I have already written to the MusÚe NapolÚon de la Pommerie in the Dordogne, owned by his de Witt descendants, and asked the same.

Thanks in advance for any help.


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Having Fun! / Игра в слова - Word Game
« on: August 31, 2015, 04:41:38 AM »
What about a word game where one person writes a not too obscure Russian word and a respondent who recognizes the word translates it into English and comes up with a new word.




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Having Fun! / Tsarist Submarine Makes Waves in Sweden
« on: July 28, 2015, 09:14:21 AM »
Swedish divers wreck hunting thought they had discovered a shipwrecked Russian spying submarine in the Stockholm Archipelago, "with a name in Cyrillic letters", possibly with its crew still alive and trapped inside. But research revealed it was the submarine Сомъ (= Catfish) of the Imperial Russian Navy (though originally US-built), which had sunk 99 years ago after a collision with a Swedish steamer.

The dead giveaway that it was pre-revolutionary: The name on the side was spelled Сомъ (with the hard sign, ъ, which was mandatory at the end of every word ending in a hard consonant untill the Bolshevikhs abolished the rule. And funnily enough, without the ъ it wouldn't necessarily have been obvious to the divers that Сом(ъ) was a Russian name in Cyrillic letters.) See http://img.gazeta.ru/files3/945/7659945/upload-912_70__6_-pic510v-510x340-71367.jpg

Russian media can once again laugh at the Swedes, who get caught up in a panic and shout "Russian submarine - Putin's coming for us!" every time they see something unfamiliar on or in the Baltic. Last time it turned out it was a "party submarine" rented out by an event firm..... And this time it turned out to be Nicholas II - coming to get the Germans!

http://www.thelocal.se/20150728/sweden-probes-russian-submarine-wreckage
https://en.wikipedia.org/wiki/Som-class_submarine



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Having Fun! / Drunk lika Russian
« on: June 19, 2015, 08:03:23 PM »
Im drunk like a good Russian, end of school year, found my way home all by muself, warm and fuzzy nighy, all good, God its good to be drunk and happy in y own bed! Cheers!

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Having Fun! / Pytanie do Polakˇw - Question for Poles
« on: October 20, 2014, 02:55:53 PM »
Do you know any good Polish-language royalty blogs? (Preferably not just focusing on the Romanovs, but reigning royal families.)

Dziękuję bardzo!

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Interesting German genealogical site about her home hamlet: http://pom-wpru.kerntopf.com/ortedetails/ort_borreck.htm

The site says the following about Borreck / Borek (including Borrowila▀ / Borowy Las and Wilhelmsh÷he / Wydmuchowo) in 1905:
Quote
Unter der slawischen Bev÷lkerung hatte sich der kassubische Kleinadel weitgehend erhalten. Augenscheinlich hatte er sich bei fortgesetzten Erbteilungen sehr vermehrt. Davon zeugen die unzńhligen Ausbauten, die sich Řber die gesamte Feldflur von Borreck erstreckten. Es scheint so, als wenn beim Anteil C von 1773 der Besitz immer in derselben Familie geblieben ist. Ein Besitzer von Dombrowski wohnte noch in einem Abbau n÷rdlich von Borreck, direkt an der Gowidlinoer Grenze, und betrieb eine gutgehende Landwirtschaft. Andere Vertreter des Kleinadels, die in Borreck wohnten: von Pichowski, von Dullak, von Daleki, von Mach, von Domaros, von Jerzewski, von Czenstkowski, von Chrzanowski, von Gruchalla, von Wyszecki, von Lublewski;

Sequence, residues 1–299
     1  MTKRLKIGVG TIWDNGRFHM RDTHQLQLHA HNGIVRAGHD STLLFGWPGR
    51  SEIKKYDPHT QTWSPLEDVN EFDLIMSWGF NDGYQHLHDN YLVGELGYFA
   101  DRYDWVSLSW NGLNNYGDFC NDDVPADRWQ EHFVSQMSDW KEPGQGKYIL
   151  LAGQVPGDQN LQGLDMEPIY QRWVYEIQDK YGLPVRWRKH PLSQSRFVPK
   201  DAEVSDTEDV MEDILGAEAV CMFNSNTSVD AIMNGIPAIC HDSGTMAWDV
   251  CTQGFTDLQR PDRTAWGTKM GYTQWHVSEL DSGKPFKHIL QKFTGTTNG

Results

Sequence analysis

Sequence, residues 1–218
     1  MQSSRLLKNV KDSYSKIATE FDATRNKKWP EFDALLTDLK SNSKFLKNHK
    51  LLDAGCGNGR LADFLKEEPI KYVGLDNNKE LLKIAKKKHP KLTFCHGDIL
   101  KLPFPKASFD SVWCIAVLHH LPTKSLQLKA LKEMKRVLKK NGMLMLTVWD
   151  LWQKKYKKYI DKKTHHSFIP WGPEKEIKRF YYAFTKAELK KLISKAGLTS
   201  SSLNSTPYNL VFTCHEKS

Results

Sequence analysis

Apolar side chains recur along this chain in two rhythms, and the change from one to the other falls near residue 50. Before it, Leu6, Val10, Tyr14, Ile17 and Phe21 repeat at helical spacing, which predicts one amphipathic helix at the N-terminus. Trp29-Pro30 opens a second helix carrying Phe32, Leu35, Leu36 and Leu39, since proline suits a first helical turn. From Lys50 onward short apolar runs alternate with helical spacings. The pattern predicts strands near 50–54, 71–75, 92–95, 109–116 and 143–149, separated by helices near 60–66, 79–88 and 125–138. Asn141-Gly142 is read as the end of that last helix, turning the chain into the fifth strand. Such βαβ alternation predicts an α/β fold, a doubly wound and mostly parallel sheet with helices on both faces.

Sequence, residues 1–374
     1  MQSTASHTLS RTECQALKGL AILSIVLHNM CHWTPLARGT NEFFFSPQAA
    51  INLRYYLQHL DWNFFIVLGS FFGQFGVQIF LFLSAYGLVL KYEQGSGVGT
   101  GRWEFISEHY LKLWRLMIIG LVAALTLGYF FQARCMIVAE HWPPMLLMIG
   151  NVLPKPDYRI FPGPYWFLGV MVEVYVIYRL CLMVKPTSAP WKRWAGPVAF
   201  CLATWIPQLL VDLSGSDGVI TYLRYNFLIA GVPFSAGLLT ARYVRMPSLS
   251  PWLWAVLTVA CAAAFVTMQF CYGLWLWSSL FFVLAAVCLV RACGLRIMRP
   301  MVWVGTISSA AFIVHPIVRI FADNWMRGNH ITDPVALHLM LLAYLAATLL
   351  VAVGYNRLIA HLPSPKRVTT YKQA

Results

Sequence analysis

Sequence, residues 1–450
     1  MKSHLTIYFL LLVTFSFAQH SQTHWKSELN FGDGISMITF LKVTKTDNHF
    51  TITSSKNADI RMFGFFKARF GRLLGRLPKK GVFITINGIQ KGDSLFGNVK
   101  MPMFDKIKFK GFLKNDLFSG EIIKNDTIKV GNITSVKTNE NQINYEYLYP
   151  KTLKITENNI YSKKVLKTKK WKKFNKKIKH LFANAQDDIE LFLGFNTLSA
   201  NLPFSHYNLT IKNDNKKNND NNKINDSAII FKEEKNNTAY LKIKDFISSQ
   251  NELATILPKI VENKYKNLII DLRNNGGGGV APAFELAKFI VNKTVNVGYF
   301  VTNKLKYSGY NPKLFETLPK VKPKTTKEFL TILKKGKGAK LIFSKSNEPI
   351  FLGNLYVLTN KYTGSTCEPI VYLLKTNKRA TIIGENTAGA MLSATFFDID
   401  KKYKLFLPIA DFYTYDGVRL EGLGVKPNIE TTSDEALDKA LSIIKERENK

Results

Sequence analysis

Compared to other countries, Poland had a very high percentage of nobles among its population. In the immense Russian Empire half of the registered nobility were Polish szlachcice, often quite impoverished ones.

According to the clan-based Polish heraldry, Czenstkowscy can claim the Pobˇg* arms: http://pl.wikipedia.org/wiki/Pob%C3%B3g_%28herb_szlachecki%29
(* The meaning of the armorial clan name kind of reminds me of the typical Anglo-Norman noble surname Bigod!)

In contrast the local lords of the manor of Wilhelmsh÷he (today: Borek Kamienny / Kamiany Bˇrk), perhaps Franciszka Czenstkowska's first glimpse into the world of the real, affluent gentry, were bourgeois Germans called MŘller, Putzig and Strehlow.

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Having Fun! / Loooong Russian words and names you have trouble remembering
« on: February 14, 2014, 09:52:04 AM »
Some Russian words and names (Romanov-related and others) are really difficult to remember, because they are so long. Do you have any examples and good tricks to remember them?

I always have trouble remembering these ones:
The name of the late Tsarist eminence grise, the Procurator of the Holy Synod: Победоносцев / Pobyedonostsyev. It became easier when I found out that it is derived from победa, victory.
The same with the Romanov film: Венценосная семья / Ventsenosnaya sem'ya. I always remember the beginning of the word because I know that венок is wreath, diadem, but the adjectival ending is hard. And if I remember it correctly I usually misspell it, because I can't seem to get used to "ts" being one letter: ц! (The same with "ya" / я BTW.)
And Aнглийская набережная / Angliyskaya naberezhnaya / English Embankment was also hard untill I discovered that берег is shore, then it makes more sense! OMG, as I write this I see that it's probably a cognate to bridge, BrŘcke, bryggja! Thank Wothan for Indo-European cognates!

I am also trying to remember the correct full form of CCCR: Союз Социалистических Советских Республик. I am improving, but get some little detail wrong every time!
The same with KGB: Комитет Государственной Безопасности. Bezopasnosti.....hard!

Do you have entertaining and informative examples?

13
I was wondering if anyone knows of any marriages between (titled) exiled descendants of the old aristocracy and rich Russian oligarchs or their families? Is there too much mutual disdain and contempt between these two groups or could for example a Russian oligarch be interested in marrying his daughter to a baron, count or prince? After all, both money and titles become more glamourous and fashionable when they are combined......

I started wondering along these lines when thinking about Grand Duke Georgiy Mikhailovich working for Norilsk Nickel and thus hobnobbing with the oligarchs. I think it's just as likely that he marries an oligarch's daughter and restores the Romanovs' social position in Russia than an equal marriage to a European aristocrat of far more moderate means with the sole purpose of keeping the Vladimirovichi's dubious pretension legitimate.

As far as I can see British celebrity (Countess) Alexandra Tolstoy has a liaison and several children with the oligarch Sergey Pugachev, but of course no titles will be transferred this way.
Imagine if Kseniya Sobchak, daughter of the St. Petersburg mayor who welcomed Grand Duke Vladimir Kirillovich back to Russia in 1991, and described as a Russian Paris Hilton in appearance, but with a political career in the opposition, would marry a baron, count, prince or even GD Georgiy!

One obstacle I can see hindering this is that several oligarchs are Jewish.